Bluefield Daily Telegraph
When a 911 center in southern West Virginia or Southwest Virginia receives a call about a fire, volunteer firefighters are usually the people who rush to the scene. Cities and towns throughout the region have their own fire departments staffed by dedicated, professional personnel, but rural areas depend on volunteers who give up their time and risk their lives in order to help their neighbors.
One local organization, the Oakvale Volunteer Fire Department, recently celebrated its 40th anniversary. It was a celebration of the department’s longevity and progress, but was also an opportunity to appeal for new members.
Assistant Chief Davina Clyburn recalled one couple that lost their home a few weeks ago. The Oakvale volunteers were able to respond with three members driving three vehicles, but the structure was in flames when they arrived. Firefighters from the Green Valley-Glenwood Volunteer Fire Department and the Glen Lyn, Va., Volunteer Fire Department responded, too. Despite their combined efforts, the home was a total loss.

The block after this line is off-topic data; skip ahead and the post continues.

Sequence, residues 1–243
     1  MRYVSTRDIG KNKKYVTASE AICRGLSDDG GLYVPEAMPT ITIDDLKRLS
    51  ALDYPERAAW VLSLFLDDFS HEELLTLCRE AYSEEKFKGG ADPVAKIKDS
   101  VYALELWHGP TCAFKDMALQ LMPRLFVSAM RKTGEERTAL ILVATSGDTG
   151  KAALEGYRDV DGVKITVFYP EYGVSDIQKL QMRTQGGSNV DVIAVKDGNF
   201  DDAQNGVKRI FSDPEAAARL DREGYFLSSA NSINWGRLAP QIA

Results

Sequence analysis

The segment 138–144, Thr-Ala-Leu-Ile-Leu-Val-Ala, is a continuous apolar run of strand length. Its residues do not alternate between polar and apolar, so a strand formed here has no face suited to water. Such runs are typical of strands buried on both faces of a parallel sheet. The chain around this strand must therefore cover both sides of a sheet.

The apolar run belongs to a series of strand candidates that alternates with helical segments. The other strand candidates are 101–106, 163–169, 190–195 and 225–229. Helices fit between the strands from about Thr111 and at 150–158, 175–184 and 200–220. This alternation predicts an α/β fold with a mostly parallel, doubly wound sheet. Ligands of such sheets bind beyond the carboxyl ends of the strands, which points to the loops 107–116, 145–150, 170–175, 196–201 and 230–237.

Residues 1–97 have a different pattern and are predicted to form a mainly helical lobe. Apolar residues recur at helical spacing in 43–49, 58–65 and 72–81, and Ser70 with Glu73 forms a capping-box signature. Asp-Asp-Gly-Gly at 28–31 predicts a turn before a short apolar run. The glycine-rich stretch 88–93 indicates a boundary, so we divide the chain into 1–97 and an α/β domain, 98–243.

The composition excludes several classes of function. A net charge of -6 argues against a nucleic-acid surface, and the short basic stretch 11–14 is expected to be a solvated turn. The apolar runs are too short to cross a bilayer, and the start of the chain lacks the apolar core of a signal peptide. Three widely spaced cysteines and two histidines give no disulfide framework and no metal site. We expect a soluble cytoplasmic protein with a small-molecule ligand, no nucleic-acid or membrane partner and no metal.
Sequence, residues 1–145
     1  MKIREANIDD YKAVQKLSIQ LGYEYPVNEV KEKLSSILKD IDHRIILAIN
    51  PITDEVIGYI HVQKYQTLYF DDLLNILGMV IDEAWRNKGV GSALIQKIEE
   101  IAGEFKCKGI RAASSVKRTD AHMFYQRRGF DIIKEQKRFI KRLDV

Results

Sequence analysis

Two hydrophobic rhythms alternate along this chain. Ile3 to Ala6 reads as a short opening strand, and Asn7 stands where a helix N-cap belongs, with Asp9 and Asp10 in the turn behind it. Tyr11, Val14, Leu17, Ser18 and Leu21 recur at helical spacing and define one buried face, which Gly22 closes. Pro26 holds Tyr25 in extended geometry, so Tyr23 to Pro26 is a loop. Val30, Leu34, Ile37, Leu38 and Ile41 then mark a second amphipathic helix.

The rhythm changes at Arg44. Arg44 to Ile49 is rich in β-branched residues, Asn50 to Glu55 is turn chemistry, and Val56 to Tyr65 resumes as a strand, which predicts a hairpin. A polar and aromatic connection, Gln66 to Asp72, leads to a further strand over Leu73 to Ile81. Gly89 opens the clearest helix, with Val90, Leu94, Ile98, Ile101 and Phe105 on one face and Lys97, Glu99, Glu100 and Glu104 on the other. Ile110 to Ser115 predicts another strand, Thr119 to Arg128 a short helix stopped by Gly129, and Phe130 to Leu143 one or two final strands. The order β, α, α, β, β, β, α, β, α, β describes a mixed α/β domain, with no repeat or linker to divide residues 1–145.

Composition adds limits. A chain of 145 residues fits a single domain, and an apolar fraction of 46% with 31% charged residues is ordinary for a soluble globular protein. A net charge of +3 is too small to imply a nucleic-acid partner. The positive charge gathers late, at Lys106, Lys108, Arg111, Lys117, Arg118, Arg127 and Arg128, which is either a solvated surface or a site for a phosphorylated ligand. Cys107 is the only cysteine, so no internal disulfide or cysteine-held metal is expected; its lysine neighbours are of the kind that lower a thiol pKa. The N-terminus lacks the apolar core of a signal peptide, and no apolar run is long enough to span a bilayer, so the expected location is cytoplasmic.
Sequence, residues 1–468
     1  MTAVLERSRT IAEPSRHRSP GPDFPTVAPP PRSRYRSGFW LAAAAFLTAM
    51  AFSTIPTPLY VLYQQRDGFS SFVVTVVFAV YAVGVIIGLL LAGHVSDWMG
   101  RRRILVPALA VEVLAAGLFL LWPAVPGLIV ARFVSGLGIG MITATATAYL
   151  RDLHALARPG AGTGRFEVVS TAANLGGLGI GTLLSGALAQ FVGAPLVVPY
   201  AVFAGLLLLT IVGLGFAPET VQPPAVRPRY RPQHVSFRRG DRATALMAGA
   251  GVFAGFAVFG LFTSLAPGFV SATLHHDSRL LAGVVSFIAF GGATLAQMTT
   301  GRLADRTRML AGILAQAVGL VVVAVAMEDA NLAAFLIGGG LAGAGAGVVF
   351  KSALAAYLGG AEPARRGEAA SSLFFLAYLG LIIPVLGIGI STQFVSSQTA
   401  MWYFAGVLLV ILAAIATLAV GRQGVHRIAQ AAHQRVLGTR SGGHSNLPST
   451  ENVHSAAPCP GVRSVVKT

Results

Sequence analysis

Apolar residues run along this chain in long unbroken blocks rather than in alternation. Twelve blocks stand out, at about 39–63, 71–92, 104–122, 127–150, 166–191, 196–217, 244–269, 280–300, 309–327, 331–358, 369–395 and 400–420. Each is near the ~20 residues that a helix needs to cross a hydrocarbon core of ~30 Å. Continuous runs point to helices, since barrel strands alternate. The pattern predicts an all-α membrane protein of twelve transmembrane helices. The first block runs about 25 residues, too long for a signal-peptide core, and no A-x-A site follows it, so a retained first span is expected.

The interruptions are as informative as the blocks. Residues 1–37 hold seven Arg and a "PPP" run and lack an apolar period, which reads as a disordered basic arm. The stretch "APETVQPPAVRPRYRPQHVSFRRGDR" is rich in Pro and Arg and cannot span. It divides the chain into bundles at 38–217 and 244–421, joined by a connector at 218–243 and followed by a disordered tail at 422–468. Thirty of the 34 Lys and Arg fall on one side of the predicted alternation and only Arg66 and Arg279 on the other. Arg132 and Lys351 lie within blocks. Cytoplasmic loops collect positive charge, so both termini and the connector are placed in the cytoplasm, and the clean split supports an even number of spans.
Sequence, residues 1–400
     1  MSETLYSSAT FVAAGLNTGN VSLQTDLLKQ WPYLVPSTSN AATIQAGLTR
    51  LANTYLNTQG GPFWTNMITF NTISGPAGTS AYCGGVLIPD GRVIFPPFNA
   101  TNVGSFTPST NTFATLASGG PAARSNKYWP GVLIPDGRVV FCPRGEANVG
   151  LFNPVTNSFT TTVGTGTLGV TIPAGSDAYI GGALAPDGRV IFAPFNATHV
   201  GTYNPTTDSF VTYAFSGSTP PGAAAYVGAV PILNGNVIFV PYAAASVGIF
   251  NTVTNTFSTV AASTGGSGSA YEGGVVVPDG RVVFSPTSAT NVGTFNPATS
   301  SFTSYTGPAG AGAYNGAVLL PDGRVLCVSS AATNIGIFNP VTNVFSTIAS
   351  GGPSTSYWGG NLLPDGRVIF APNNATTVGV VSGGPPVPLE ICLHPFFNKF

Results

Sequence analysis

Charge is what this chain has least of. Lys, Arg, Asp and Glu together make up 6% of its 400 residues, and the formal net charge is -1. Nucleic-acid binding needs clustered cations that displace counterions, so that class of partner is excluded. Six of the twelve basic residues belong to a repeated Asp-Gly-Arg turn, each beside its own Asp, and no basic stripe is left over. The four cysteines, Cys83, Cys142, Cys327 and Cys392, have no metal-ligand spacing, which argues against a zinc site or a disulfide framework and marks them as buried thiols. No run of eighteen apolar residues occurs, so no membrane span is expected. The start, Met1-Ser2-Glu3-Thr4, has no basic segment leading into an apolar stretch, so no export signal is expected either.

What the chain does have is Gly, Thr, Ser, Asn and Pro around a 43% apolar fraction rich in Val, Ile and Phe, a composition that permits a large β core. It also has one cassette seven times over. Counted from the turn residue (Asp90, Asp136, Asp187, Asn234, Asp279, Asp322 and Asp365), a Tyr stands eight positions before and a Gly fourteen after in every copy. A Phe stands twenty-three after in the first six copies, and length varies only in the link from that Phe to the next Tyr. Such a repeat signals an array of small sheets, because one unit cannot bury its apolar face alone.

Volunteer fire departments provide a vital service by responding to 911 calls about fires, crashes and other emergencies in their areas. They are often working when inclement weather brings floods and blizzards across the region. When everyone else is staying home and keeping out of the weather, volunteer firefighters brave terrible conditions so they can do their duty and help people in need.
The only way volunteer fire departments can keep serving the public is to sign up more volunteers. Men and women looking for a way to aid their fellow residents can do sterling service by joining a volunteer fire department. These organizations are always looking for new members to keep their fire stations fully staffed and ready to respond when alarms are sounded. It is an idea worth considering.